At the end of July, all fishing activity was suspended for sockeye salmon around Ozernaya River, in order to ensure enough fish were reaching their spawning grounds upstream. The suspension happened to coincide with the peak sockeye salmon run -- good news for visiting WWF Kamchatka fisheries biologist Anatoly Dekshtein. Anatoly and I decided to monitor the salmon run to see if there were any illegal fishing activities by walking the lower 10 km of the river, where most commercial fishing occurs. Along the river we saw hundreds of sockeye salmon resting in slower waters by the river banks and a steady, paced stream of sockeye salmon moving upstream. It takes about 4 days for fish to reach Kuril Lake from the river mouth and on the day we were there more than 350,000 sockeye salmon were counted moving into the lake, one of the largest such surges in recent history. It was inspiring to see such a bounty of wild sockeye and be reminded of the importance of supporting sustainable fisheries so we can ensure that wild salmon continue to return in such great numbers.
Russian-Oregon watershed council exchange
Nine representatives from the newly formed network of Public Salmon Councils in Sakhalin, Khabarovsk, and Kamchatka, Russia participated in this year's exchange -- the first time representatives from all three regions in the Russian Far East were able to convene at the same time.
The representatives met with state and federal government representatives, tribal representatives, educators, and local conservationists. The purpose of the exchange was to share with the Russians best practices in watershed stewardship and management from established, successful U.S. watershed council models, and in turn the U.S. participants could learn more about the issues facing Russian watershed councils and the methods used for addressing their challenges.
Community involvement was an integral theme for the week, allowing the Russian participants to learn different strategies for mobilizing local citizens. Aside from numerous presentations, council meetings, and discussions, the participants spent several days in the field visiting river restoration and education projects. A trip to the Karnowsky Creek Restoration Project with Johnny Sundstrom from the Siuslaw Institute and Paul Burns, a Fishery Biologist with the US Forest Service, provided a good model for the Russian council members on freshwater habitat restoration. They also visited with Mary’s River Watershed Council and with the Westwind Stewardship Group, which maintains a 529-acre nature reserve at the mouth of the Salmon River. In addition, the Russian delegates were able to meet with the Confederated Tribes of the Coos, Lower Umpqua and Siuslaw Indians, as well as the Siletz Tribe, where they learned about the Tribes fishing techniques and how they intersect with the natural environment.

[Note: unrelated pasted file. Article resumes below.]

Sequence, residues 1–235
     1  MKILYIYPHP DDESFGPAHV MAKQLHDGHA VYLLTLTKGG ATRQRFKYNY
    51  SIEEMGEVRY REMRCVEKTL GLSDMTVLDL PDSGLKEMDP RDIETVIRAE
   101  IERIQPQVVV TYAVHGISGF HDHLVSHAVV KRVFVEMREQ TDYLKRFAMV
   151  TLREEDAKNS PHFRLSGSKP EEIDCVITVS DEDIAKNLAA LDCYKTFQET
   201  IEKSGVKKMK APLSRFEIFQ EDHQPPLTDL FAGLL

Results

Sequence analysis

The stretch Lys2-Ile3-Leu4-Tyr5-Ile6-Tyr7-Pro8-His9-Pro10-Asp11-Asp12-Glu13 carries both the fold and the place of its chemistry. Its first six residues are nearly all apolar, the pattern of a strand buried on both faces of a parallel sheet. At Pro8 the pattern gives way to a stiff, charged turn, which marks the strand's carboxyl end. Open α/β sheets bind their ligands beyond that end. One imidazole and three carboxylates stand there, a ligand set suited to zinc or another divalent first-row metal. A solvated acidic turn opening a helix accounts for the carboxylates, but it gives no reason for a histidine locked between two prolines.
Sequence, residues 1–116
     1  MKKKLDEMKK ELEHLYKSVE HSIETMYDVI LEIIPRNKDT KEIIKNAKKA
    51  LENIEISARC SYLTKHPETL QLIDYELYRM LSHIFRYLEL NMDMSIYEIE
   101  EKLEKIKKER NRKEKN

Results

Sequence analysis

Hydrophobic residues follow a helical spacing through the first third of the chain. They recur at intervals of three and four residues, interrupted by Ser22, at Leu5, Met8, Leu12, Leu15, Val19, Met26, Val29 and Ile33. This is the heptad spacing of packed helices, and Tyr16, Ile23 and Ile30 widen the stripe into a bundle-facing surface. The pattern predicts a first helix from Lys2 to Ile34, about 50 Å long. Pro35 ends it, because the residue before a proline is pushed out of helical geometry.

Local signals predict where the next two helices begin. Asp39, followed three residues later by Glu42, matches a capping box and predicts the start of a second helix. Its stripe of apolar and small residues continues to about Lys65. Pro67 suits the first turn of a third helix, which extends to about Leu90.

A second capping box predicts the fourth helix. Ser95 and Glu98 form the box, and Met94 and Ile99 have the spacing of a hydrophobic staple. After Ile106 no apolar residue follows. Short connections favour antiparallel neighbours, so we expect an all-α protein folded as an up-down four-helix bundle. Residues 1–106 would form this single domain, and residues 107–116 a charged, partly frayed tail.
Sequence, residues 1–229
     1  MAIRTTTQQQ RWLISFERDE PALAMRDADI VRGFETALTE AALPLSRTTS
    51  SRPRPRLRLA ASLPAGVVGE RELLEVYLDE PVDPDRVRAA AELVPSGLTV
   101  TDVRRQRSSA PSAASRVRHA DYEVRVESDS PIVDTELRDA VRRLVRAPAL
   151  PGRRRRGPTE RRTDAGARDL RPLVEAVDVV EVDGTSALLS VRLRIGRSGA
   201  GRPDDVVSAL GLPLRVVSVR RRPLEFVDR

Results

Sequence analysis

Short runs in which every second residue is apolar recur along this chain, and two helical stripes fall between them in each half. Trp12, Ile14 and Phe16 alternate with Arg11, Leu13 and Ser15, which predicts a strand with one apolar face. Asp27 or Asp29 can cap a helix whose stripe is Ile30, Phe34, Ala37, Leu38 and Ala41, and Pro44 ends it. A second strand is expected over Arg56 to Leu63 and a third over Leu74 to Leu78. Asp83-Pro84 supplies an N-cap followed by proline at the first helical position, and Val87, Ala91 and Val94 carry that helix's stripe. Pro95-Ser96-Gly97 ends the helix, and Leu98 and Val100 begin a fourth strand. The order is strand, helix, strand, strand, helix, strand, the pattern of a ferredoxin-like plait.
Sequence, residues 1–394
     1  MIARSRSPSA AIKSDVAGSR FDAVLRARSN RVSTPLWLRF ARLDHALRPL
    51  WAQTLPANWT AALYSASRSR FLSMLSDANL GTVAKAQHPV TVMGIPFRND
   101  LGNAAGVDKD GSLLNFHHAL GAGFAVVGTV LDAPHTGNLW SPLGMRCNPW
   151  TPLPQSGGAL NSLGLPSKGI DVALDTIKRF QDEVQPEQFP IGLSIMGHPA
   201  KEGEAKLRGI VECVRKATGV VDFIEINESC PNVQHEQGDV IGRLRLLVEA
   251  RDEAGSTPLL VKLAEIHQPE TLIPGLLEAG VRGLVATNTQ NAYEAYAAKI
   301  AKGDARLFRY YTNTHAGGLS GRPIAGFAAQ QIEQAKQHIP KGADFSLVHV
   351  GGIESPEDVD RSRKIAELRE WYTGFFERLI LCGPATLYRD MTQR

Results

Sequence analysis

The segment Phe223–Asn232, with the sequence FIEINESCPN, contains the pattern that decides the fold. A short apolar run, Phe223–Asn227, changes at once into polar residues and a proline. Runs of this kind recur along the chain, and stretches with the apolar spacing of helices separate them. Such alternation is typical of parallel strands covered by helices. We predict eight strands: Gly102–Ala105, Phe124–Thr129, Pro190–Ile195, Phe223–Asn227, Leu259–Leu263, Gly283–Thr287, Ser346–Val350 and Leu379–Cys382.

The group was treated to a lake canoe trip in a traditional 21-foot long dugout canoe to a small campsite for a ceremonial salmon-bake offered by the Confederated Tribes. At the ceremony, the chief offered a deerskin drum made by one of the young men of the tribe as a gift. Olga Emenka, representative of the indigenous people of North Khabarovsk and member of the Koppi River watershed council, accepted the drum and used it as a fan to waft smoke from the burning salmon around the circle to bless the group. She then began beating the drum, singing and dancing around the circle. It truly was a special and unifying moment for the Russians, Native Americans, and all present.
The exchange greatly strengthened understanding and camaraderie between the Russian councils and also with Oregon councils, paving the way for future collaborations. Moreover, the councils learned from their counterparts here in Oregon the importance of a unified effort and created the Russian Far East Council Network to serve as a resource to the individual councils so they could learn from and support one another.
LightHawk: Making a difference from about 1,000 feet up
Everything looks just a little bit different from the seat of a one-engine Cessna plane thousands of feet in the air. That new perspective is exactly what LightHawk strives to make available to its partners. LightHawk is a volunteer-based environmental aviation organization that provides donated flights to conservation groups to help them make headway on their work. Whether monitoring a restoration project, identifying areas hard hit by clear-cutting, or simply trying to get a bird's eye view of a region's most productive habitat, LightHawk values a problem-solving approach that considers the needs of both human society and the natural world.